This week Sun announced the release of Java under the GPL. Sun says that the move was a consequence of the Microsoft and Novell deal. The released code will be Java SE, Java ME and Java EE. They also said that Solaris, currently licensed under the CDDL license, may also be released under the GPL which might allow cross polination of source code between Linux and Solaris.
In the last few months we have seen Microsoft working closer with companies that support and develop open source applications such as Sugar CRM. Microsoft has also claimed that it is becoming somewhat less agressive in its approach to competition. That said todays announcement that Microsoft will be supporting Novell's Suse Linux is still somewhat of a shock. Some might be suspicious of this new relationship, but perhaps we should applaude it as an example of how open source could be good for everyone; even Microsoft.
Usually I try to avoid posting articles about Microsoft that do not relate to Open Source, however in this story at Aljazeera we see Microsoft making the claim that using pirated software is hampering economic growth and costing governments and businesses billions of dollars.
Stray Cinema is a open source cimema project. The raw footage from a film shot in London has been made available for the public to download from the Stray Cinema website. This is to provide people all over the world with the opportunity to create their own version of the film.
Nandor Tanczos, a keen Open-Source advocate, has kindly agreed to attend the Auckland Software Freedom Day event. Nandor will be arriving at 11am to give a brief speech on Open Source Software. The event will be held on Queen Street this Saturday, and will initially be on the corner of Queen Street and Victoria Street. There will also be demonstrations of Open Source Software, and copies of Ubuntu, OpenOffice and Firefox available.
Microsoft has just released a "Microsoft Open Specification Promise" related to thirty five web service patents. It is a similar promise made regarding Word Processing patents. The release of this promise was done in consultation with Red Hat. Mark Webbink, General Council for Red Hat stated “Red Hat believes that the text of the OSP gives sufficient flexibility to implement the listed specifications in software licensed under free and open source licenses. We commend Microsoft’s efforts to reach out to representatives from the open source community and solicit their feedback on this text, and Microsoft's willingness to make modifications in response to our comments.”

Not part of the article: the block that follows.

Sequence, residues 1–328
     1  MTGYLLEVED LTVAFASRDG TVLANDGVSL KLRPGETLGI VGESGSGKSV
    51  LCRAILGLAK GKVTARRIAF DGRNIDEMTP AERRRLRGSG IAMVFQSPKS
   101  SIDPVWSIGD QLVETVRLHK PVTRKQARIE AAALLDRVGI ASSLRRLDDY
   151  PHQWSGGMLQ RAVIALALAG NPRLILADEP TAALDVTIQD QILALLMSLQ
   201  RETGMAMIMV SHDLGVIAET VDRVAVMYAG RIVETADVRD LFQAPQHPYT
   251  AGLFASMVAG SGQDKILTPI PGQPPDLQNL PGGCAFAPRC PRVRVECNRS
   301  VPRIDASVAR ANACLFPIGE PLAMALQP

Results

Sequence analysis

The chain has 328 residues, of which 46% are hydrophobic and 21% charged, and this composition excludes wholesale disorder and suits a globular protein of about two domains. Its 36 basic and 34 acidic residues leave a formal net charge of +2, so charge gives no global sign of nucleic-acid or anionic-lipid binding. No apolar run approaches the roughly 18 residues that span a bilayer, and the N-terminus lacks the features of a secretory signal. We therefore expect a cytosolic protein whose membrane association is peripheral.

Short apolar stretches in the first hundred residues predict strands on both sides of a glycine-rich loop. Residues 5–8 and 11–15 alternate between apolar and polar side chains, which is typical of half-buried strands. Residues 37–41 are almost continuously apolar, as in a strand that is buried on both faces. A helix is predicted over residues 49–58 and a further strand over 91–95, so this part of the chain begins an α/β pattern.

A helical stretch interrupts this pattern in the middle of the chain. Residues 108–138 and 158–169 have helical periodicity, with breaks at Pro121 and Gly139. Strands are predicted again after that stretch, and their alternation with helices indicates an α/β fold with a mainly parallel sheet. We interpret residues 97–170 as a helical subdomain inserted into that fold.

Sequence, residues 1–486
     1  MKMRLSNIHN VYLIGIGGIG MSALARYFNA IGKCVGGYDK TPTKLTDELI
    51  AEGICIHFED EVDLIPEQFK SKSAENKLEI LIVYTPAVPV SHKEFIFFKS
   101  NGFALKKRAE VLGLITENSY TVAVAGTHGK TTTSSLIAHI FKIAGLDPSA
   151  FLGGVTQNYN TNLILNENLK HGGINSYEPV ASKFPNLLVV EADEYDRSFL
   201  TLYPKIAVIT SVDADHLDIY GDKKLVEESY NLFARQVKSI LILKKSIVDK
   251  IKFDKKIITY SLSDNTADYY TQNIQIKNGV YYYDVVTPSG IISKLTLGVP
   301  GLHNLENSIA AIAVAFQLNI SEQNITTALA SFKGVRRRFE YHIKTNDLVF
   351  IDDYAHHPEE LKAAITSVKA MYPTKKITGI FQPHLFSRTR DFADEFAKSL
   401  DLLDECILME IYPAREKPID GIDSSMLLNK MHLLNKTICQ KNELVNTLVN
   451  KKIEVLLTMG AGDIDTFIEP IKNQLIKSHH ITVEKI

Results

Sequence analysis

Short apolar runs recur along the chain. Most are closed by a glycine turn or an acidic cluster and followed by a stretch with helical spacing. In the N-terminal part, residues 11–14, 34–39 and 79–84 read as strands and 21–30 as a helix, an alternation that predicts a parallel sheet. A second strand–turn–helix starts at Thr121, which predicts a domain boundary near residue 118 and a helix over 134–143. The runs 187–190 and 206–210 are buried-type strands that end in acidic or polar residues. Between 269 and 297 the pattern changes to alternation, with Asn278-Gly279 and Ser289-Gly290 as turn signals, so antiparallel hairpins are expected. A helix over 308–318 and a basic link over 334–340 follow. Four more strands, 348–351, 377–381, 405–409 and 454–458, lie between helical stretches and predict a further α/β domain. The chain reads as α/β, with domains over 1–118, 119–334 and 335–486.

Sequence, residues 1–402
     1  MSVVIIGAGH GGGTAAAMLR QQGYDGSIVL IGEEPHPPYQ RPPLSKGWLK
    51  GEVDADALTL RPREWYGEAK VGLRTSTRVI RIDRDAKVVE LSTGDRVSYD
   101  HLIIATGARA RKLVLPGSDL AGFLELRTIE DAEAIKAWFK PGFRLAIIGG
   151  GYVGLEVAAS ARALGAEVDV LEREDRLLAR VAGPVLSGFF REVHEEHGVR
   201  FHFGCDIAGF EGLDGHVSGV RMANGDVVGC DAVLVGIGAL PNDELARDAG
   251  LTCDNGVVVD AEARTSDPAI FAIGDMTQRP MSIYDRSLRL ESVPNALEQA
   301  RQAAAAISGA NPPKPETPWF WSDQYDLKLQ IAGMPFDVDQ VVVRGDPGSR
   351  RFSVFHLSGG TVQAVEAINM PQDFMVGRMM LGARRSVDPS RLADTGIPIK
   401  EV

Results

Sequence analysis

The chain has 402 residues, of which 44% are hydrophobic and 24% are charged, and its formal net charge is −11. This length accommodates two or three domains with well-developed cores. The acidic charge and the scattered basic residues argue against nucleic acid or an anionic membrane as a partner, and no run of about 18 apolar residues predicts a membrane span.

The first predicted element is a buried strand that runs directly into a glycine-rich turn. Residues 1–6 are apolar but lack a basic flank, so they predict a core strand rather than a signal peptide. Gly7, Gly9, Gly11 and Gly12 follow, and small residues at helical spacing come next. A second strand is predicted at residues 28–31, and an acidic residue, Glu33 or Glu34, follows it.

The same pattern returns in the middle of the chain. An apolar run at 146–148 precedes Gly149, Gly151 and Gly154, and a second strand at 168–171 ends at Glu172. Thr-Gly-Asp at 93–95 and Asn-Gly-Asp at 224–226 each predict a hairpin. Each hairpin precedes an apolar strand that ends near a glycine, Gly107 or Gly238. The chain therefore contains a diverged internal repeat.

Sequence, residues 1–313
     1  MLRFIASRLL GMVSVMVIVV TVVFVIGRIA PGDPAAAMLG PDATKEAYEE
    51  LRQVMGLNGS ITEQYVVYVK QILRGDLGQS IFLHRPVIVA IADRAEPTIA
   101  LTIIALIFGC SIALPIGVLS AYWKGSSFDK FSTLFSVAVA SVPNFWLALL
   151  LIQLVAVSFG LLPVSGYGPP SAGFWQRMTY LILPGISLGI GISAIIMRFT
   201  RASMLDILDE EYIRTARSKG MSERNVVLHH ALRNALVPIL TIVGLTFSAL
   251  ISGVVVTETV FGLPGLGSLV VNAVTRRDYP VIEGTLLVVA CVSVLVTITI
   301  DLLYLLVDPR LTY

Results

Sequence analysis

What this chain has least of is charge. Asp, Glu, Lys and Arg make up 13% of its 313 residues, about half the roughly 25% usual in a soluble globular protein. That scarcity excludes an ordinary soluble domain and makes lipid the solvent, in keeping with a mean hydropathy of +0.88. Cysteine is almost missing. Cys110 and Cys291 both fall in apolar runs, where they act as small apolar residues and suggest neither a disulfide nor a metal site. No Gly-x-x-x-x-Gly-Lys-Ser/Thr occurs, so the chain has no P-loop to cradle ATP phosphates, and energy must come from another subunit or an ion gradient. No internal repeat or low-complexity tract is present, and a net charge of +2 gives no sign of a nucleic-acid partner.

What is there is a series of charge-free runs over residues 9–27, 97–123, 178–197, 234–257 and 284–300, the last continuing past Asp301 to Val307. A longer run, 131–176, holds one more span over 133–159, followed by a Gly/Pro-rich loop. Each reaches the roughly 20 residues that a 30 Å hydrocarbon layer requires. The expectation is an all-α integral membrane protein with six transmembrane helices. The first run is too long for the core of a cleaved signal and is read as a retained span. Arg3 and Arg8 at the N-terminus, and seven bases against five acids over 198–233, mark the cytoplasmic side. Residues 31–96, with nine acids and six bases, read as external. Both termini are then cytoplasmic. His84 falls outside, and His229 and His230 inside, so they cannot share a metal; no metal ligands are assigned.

Last year the NZOSS filed a opposition to a XML Word Processing patent filed by Microsoft. Yesterday a resolution to the opposition was achieved when the NZOSS Council decided that all our objectives had been achieved, and that the NZOSS would not be following through to a hearing.
Microsoft in their counter statement had unconditionally amended the patent in a way that avoided issues surrounding prior use and prior publication. Abiword was the primary evidence stated in the NZOSS statement of case as prior use, and it was on this basis that the NZOSS claimed that the patent was invalid. The amended patent was substantially modified, including only seven claims rather than the original number of more than twenty. The amended claims were also more specific, and would no longer create issues for software developers who wished to interoperate with Microsoft XML file formats.
Interesting article on a study that found a strong correlation between the use of Linux and Open Source Software in solutions and profitability for Value Added Resellers. Hardly surprising you might think but it's nice to know that the evidence is mounting. I'm always a bit leary of studies that are paid for by proponents of the conclusion the study comes to but at least in this case they are up front about it and not trying to hide behind a proxy.
Bruce Simpson of Aardvark.co.nz asks the hard questions about uptake of Linux in New Zealand. He asks "Where can people go to get plain-English help and support for Linux?" The answer is not too far away, with Linux User Groups in every major New Zealand City, each with mailing lists full of people willing and able to provide immediate and free help. On the professional front there are companies like IBM, HP and Novell who are selling professional services around Linux. There is also an increasing number of small Linux service companies, although not too many in the small business arena as there isn't yet the same demand as Windows.
If the twelve commandments recently published by Microsoft are to be believed its good news for open source. It is saying that the anti competitive behaviours of its past are behind it, that it will no longer punish retailers and OEM's for distributing PC's with other than Microsoft products on them.